However, the Supreme Court expressly left open the question of whether the securities safe harbor shields transfers where the transferor itself qualifies as a “financial institution” by virtue of its status as a customer of a financial institution that acts as its agent.[4] Thereafter, the Second Circuit concluded that section 546(e) protects transfers where the transferor qualifies as a “financial institution” by virtue of its status as a customer of a financial institution that acts as the customer’s agent, reasoning that the Bankruptcy Code’s definition of “financial institution” includes, among other things, a “customer” of a financial institution where such financial institution acts as the customer’s “agent” in connection with a securities contract.

The Second Circuit’s Tribune II decision revisited its prior 2016 decision in In re Tribune Co. Fraudulent Conveyance Litigation, 818 F.3d 98 (2d Cir. 2016) (“Tribune I”), where the Second Circuit affirmed the dismissal of certain state law avoidance claims on the basis that section 546(e) applied to the payments at issue because financial institutions covered by section 546(e) had served as intermediaries. The transfer at issue involved Tribune’s repurchase of its stock from existing shareholders through a trust company and bank, Computershare Trust Company, N.A. (“CTC”). In Tribune I, the Second Circuit also held that section 546(e) bars constructive fraudulent transfer claims under state law.

In issuing its Tribune II opinion and revisiting Tribune I, which it recognized was abrogated by the Supreme Court,[5] the Second Circuit reaffirmed its bottom-line holding that the safe harbor precluded the clawback action. In reaching its decision, the Second Circuit focused its inquiry on whether the debtor (the transferor) could claim protection under the safe harbor due to its status as a “customer” of a financial institution when the financial institution is acting as its “agent” in connection with a securities contract. To determine whether Tribune was CTC’s customer, the Second Circuit adopted a plain meaning of the term “customer,” referring to prior Second Circuit precedent recognizing that a customer is “someone who buys goods or services,” including “a person . . . for whom a bank has agreed to collect items.” The Second Circuit concluded that Tribune was a “financial institution” because (i) it was a “customer” of CTC, Tribune’s depositary in connection with the leveraged buyout, under either definition and (ii) CTC was Tribune’s “agent” with respect to the leveraged buyout transaction.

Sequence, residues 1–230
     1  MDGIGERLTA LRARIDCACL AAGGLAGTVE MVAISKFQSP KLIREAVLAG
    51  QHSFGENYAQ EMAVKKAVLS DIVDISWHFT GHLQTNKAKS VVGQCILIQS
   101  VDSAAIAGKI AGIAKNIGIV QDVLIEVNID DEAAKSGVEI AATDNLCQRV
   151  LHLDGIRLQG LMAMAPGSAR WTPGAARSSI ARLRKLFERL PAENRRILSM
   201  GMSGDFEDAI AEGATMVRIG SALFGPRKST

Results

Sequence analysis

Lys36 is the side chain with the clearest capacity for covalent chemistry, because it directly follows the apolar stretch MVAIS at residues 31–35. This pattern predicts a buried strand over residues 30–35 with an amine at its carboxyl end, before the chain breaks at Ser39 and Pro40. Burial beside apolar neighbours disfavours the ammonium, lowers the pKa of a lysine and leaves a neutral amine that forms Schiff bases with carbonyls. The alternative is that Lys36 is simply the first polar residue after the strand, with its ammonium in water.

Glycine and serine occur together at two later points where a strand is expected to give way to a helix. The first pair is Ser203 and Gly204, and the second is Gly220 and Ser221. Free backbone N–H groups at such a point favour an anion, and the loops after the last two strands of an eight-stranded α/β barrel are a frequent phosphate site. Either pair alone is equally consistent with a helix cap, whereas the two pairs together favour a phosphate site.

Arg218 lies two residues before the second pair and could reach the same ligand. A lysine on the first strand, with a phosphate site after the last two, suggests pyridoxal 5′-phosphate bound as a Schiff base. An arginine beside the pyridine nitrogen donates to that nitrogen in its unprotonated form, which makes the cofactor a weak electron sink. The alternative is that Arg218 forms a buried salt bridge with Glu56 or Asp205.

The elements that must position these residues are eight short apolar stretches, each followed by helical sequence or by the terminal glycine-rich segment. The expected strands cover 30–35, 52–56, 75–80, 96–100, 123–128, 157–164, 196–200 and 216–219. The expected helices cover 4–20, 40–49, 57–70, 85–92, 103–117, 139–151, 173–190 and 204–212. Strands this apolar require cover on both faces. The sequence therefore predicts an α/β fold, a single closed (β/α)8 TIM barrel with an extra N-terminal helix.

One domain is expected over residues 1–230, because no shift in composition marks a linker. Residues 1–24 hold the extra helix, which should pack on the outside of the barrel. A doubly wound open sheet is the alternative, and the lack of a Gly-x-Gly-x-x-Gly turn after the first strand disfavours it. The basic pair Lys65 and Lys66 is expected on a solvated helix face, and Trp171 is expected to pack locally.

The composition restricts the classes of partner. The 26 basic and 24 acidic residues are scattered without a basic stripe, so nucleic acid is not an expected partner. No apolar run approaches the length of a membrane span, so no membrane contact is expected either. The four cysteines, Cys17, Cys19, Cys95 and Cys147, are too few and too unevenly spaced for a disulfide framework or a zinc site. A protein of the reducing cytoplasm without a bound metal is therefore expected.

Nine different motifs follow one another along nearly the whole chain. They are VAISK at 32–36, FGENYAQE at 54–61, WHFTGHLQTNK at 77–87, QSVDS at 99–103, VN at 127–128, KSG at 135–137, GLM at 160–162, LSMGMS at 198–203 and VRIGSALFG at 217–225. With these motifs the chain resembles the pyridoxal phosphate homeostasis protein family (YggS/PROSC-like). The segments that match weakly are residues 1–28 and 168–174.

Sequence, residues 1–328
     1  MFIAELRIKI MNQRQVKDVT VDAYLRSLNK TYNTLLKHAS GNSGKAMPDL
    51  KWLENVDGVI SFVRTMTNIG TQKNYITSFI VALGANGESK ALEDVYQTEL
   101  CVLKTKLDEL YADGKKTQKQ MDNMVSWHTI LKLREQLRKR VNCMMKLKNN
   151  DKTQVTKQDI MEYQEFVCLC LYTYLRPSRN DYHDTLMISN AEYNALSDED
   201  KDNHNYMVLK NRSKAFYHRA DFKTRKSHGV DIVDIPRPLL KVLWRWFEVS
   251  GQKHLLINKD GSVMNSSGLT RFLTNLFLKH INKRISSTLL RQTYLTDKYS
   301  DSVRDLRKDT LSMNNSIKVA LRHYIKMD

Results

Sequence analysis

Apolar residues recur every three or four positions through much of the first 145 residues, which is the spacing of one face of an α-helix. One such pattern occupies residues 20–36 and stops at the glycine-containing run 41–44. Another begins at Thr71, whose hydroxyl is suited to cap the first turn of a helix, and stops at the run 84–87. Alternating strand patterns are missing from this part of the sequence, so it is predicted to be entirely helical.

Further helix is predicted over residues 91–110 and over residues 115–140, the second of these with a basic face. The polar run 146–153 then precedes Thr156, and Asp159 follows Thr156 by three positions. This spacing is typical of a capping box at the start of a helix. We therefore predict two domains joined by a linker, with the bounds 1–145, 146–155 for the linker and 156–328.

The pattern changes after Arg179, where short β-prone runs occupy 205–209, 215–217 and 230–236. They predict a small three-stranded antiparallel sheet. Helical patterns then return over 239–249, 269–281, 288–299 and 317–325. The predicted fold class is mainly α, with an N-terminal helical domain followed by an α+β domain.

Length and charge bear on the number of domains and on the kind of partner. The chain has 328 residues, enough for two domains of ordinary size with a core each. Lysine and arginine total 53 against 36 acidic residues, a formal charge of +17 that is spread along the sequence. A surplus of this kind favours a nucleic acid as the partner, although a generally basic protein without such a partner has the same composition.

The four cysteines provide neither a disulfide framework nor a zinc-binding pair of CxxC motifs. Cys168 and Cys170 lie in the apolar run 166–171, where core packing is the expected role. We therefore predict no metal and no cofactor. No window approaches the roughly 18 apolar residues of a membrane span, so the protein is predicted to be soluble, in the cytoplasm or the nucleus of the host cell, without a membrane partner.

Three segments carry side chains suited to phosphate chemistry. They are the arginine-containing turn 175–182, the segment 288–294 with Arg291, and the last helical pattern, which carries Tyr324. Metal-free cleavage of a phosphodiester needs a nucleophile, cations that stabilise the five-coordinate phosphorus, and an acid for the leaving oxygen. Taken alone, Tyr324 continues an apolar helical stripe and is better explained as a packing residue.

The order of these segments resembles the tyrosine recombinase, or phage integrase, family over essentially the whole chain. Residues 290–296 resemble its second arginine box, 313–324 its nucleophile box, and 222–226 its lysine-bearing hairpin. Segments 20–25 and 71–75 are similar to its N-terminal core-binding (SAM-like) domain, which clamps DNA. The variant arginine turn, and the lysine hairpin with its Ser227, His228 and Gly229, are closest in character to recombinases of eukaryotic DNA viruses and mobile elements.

The plaintiffs petitioned for certiorari in the Supreme Court arguing, among other things, that the Tribune II decision undermines Merit Management by maintaining the vitality of the “conduit” theory which the Supreme Court had rejected. Similarly, the Acting Solicitor General argued that the Second Circuit’s interpretation would render Merit Management “a virtual nullity” since the safe harbor would apply to virtually every transfer made in connection with a securities contract. Nevertheless, the Acting Solicitor General recommended that the Supreme Court not weigh in on the issue at this juncture since no other circuit-level courts have done so.[6] In April 2021, the Supreme Court denied the petition.